The Danish health system


The quality of Denmark’s health system is extremely high. Hospitals in Denmark have excellent facilities, and most doctors and dentists speak at least some English. With the Danish health card, basic care is free.

  • The emergency number in Denmark is 112

Danish health service is one of the best in the world. It is financed through income tax so public medical treatment in Denmark is available for anyone who has a CPR number. Free emergency treatment is available to visitors from all other countries.

Two sectors

Public healthcare

Public healthcare in Denmark is divided into primary health care and hospitals. Primary care deals with general health problems and is usually the first point of contact if you require general medical treatment. Services in this sector are available to everyone and include treatments from general practitioners, dentists, physiotherapists, etc. Even though most of the primary healthcare is free, you will have to pay a fee when you go to the dentist.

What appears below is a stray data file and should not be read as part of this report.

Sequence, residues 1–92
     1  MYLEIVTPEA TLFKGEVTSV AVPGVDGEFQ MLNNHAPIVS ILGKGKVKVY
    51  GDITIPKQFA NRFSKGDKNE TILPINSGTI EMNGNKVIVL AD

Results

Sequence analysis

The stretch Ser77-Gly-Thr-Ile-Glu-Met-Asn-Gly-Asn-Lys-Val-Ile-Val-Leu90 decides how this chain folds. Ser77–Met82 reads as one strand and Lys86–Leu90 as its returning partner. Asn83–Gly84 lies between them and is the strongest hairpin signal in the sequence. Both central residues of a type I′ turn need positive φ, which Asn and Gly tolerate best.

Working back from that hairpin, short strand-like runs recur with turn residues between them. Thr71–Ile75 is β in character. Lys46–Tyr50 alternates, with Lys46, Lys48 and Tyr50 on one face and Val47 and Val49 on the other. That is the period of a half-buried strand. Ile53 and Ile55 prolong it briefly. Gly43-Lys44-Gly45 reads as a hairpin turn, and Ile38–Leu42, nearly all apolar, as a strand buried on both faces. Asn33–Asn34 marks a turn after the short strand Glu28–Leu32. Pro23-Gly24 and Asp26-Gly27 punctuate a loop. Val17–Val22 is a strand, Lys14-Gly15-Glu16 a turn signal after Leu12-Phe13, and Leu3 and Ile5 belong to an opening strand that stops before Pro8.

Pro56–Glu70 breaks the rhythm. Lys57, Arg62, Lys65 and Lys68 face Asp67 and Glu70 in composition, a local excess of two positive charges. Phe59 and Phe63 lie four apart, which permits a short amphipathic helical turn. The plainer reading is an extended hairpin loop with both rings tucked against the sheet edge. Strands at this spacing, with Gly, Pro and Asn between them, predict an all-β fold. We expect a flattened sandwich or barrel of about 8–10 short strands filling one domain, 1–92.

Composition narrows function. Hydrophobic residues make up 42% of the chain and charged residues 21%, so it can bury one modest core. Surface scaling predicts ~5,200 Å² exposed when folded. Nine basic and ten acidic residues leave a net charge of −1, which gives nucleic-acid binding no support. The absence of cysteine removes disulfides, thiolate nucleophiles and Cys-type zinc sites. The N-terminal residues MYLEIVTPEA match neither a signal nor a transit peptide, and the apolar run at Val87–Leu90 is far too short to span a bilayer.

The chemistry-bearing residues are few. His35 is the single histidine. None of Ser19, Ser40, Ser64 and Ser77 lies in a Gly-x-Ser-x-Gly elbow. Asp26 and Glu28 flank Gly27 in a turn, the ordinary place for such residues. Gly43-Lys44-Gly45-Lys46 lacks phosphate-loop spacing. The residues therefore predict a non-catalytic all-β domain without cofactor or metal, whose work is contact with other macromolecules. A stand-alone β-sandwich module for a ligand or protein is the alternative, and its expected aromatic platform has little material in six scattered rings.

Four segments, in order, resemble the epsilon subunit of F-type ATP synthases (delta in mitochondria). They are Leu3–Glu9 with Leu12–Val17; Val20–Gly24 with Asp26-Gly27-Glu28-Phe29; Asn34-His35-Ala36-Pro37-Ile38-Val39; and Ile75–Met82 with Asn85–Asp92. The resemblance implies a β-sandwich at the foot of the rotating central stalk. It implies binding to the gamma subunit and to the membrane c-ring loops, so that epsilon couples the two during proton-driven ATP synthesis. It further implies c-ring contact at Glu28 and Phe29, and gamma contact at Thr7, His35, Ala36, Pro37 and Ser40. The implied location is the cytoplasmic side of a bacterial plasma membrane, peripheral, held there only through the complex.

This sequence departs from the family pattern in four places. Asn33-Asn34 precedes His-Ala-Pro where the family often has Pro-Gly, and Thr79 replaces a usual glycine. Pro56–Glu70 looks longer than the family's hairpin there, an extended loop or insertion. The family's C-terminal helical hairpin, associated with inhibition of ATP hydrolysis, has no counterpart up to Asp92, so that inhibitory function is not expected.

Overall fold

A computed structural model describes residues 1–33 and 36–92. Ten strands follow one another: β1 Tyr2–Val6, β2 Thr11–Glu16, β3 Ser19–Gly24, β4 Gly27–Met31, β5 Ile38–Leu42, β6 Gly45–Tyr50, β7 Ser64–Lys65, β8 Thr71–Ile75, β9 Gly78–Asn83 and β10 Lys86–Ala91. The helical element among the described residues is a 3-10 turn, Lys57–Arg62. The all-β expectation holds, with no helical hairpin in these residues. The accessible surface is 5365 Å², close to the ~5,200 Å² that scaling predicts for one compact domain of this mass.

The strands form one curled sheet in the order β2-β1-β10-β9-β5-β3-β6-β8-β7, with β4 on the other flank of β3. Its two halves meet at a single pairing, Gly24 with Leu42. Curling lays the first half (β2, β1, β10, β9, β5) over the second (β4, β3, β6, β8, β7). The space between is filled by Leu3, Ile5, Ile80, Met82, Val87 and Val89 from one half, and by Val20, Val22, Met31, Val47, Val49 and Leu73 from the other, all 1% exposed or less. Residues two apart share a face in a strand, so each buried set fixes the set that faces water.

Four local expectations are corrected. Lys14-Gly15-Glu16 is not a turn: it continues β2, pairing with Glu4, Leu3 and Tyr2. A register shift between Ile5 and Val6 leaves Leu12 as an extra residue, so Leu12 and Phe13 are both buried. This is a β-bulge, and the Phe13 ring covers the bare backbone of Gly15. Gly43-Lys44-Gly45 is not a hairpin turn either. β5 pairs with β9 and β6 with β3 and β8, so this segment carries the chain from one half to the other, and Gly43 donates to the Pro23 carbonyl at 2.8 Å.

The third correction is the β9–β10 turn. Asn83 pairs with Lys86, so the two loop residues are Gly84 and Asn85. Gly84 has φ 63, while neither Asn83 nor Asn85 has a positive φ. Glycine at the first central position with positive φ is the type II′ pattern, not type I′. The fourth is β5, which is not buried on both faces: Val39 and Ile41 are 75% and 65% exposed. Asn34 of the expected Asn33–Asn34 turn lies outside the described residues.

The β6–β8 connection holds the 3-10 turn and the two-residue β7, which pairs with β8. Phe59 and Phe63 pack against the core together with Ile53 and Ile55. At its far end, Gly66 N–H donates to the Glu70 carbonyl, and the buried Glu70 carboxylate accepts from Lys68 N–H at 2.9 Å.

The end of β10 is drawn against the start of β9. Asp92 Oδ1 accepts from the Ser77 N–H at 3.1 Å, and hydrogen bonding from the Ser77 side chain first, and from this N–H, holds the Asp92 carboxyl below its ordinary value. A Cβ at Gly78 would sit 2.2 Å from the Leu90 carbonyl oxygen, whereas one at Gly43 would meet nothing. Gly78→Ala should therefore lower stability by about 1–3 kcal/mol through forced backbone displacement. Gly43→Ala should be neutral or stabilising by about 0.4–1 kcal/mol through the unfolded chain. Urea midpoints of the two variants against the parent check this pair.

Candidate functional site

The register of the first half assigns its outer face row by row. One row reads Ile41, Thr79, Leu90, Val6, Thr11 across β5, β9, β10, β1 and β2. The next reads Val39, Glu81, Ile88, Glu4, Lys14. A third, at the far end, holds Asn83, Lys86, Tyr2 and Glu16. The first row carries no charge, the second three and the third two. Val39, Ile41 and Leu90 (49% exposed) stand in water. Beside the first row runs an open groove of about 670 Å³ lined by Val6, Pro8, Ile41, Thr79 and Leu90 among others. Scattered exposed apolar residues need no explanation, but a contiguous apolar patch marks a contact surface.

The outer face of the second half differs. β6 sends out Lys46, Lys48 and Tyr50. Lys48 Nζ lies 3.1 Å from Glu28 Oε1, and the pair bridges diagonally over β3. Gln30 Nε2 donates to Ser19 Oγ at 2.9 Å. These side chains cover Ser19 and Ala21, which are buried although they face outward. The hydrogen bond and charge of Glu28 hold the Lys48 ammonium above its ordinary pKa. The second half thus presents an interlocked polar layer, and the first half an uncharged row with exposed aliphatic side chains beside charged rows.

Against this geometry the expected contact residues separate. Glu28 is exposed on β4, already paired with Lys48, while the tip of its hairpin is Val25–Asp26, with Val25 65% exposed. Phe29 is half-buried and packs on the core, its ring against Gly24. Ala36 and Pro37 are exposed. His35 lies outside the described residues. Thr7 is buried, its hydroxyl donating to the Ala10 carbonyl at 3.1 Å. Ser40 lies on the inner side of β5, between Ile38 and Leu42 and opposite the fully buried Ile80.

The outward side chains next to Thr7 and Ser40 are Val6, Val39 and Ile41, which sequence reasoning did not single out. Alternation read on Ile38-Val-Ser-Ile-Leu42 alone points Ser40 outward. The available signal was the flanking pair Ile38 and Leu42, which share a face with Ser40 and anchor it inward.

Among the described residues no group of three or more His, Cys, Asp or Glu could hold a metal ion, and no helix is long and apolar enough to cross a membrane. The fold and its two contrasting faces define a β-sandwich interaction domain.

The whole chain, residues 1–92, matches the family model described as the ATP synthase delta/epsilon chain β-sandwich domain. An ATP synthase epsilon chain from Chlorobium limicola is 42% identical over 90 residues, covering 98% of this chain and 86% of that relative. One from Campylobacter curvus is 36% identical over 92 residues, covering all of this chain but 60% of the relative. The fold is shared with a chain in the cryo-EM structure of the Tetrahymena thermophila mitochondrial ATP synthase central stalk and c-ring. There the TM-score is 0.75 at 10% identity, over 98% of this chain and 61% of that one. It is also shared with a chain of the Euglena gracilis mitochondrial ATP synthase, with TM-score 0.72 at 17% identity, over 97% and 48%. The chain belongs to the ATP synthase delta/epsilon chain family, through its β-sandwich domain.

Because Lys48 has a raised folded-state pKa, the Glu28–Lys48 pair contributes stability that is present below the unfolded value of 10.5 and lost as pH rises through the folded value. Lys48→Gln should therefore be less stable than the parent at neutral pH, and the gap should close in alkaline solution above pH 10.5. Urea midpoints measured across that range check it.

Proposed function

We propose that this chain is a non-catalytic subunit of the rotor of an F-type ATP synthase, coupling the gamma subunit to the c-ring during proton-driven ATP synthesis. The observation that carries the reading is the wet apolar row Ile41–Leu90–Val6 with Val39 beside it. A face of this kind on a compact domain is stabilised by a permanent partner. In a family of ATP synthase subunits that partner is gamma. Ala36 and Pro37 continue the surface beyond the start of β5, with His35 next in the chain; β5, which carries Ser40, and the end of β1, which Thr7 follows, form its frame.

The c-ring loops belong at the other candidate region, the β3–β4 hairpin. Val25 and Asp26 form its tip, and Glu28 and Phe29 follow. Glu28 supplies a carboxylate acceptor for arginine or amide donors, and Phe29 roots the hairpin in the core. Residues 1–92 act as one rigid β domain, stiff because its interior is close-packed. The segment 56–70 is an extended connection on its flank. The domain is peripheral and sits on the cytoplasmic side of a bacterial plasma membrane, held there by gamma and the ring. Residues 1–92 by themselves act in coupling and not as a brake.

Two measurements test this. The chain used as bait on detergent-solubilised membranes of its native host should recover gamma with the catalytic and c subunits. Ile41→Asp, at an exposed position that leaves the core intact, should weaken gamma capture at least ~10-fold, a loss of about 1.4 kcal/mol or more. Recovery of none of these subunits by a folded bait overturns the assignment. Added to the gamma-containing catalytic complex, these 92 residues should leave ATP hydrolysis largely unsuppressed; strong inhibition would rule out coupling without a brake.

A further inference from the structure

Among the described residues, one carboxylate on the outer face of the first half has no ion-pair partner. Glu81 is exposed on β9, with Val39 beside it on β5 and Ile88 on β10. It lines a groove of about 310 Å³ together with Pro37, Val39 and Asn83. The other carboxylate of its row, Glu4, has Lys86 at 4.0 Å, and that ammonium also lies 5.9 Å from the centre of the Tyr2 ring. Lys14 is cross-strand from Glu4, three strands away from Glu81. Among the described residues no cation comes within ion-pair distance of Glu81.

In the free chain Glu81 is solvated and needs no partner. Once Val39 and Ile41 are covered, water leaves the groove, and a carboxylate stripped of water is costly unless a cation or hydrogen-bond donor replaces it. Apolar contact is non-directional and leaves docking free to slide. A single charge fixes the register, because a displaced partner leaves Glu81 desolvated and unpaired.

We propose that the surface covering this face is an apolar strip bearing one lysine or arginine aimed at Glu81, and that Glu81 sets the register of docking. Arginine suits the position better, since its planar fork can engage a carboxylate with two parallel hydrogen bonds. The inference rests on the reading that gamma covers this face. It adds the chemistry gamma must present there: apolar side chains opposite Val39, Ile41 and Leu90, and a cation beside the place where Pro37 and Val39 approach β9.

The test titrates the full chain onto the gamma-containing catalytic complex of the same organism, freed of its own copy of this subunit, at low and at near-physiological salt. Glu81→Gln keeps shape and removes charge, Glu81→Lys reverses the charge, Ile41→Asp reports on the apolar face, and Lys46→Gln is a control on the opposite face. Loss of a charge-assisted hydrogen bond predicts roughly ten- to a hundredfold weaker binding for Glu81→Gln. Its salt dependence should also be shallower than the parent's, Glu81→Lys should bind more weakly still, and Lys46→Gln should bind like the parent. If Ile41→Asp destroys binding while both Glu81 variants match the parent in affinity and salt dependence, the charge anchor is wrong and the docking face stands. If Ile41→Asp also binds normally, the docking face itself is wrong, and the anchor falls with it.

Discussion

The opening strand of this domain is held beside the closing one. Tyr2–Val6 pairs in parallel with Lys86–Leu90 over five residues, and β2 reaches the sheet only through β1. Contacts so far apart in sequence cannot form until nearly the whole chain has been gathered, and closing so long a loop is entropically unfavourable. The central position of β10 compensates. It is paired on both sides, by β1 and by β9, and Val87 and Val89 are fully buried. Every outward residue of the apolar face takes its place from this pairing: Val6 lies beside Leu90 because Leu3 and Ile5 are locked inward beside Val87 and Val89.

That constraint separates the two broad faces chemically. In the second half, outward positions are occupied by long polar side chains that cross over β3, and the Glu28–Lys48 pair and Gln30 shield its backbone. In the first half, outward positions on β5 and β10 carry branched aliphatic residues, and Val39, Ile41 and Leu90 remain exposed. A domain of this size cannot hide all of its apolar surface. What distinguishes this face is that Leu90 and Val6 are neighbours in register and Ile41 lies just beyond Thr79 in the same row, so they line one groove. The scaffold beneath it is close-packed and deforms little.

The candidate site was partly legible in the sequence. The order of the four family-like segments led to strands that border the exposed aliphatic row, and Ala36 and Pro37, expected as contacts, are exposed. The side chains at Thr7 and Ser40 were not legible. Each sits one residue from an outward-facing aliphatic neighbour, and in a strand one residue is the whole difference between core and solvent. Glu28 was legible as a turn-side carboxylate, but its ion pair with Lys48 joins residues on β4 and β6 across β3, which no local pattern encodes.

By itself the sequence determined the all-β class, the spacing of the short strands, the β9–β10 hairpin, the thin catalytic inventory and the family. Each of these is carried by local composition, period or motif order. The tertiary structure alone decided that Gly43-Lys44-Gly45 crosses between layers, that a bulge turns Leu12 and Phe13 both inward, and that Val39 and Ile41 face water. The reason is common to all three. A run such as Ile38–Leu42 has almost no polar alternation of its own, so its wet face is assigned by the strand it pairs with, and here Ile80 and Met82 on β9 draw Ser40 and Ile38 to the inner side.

Hospitals are responsible for patients who require more specialised medical treatment, for example, intensive care or the need for specialist equipment.

The public system is highly overcrowded so there are often very long waiting lists for non-emergency treatment. As a result, public doctors will sometimes refer patients to a private clinic for treatment and the public system will pay the majority of the bill.

Private healthcare

Denmark also has an extensive number of private doctors and hospitals. If you do not take out private health insurance, you will have to pay to use these services.

The Danish health card (sygesikringsbevis)

The health card is proof of your entitlement to public health services; listing your name, CPR number and your doctor’s contact information. You must present the card whenever you visit a doctor, hospital, or pharmacy.

Your Danish health card can also be a form of identification when no photo is required. You will receive your health card once you have got a CPR number.

Further reading

Does this article help?

Do you have any comments, updates or questions on this topic? Ask them here: